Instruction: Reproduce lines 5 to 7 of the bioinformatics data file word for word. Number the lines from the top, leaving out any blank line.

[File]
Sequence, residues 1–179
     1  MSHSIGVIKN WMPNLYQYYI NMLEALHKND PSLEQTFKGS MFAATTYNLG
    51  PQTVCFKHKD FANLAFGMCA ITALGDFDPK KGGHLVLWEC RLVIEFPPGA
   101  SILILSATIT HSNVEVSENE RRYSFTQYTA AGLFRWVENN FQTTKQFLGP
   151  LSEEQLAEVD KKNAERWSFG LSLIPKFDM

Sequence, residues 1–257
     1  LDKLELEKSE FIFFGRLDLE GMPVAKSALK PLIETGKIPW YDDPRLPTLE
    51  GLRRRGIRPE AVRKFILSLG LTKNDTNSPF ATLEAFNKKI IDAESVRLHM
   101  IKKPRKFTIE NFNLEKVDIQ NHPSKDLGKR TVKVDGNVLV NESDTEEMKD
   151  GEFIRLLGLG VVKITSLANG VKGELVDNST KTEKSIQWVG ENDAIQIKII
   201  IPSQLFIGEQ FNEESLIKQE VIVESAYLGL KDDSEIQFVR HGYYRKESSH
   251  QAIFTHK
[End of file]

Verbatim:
   151  LSEEQLAEVD KKNAERWSFG LSLIPKFDM

Sequence, residues 1–257
     1  LDKLELEKSE FIFFGRLDLE GMPVAKSALK PLIETGKIPW YDDPRLPTLE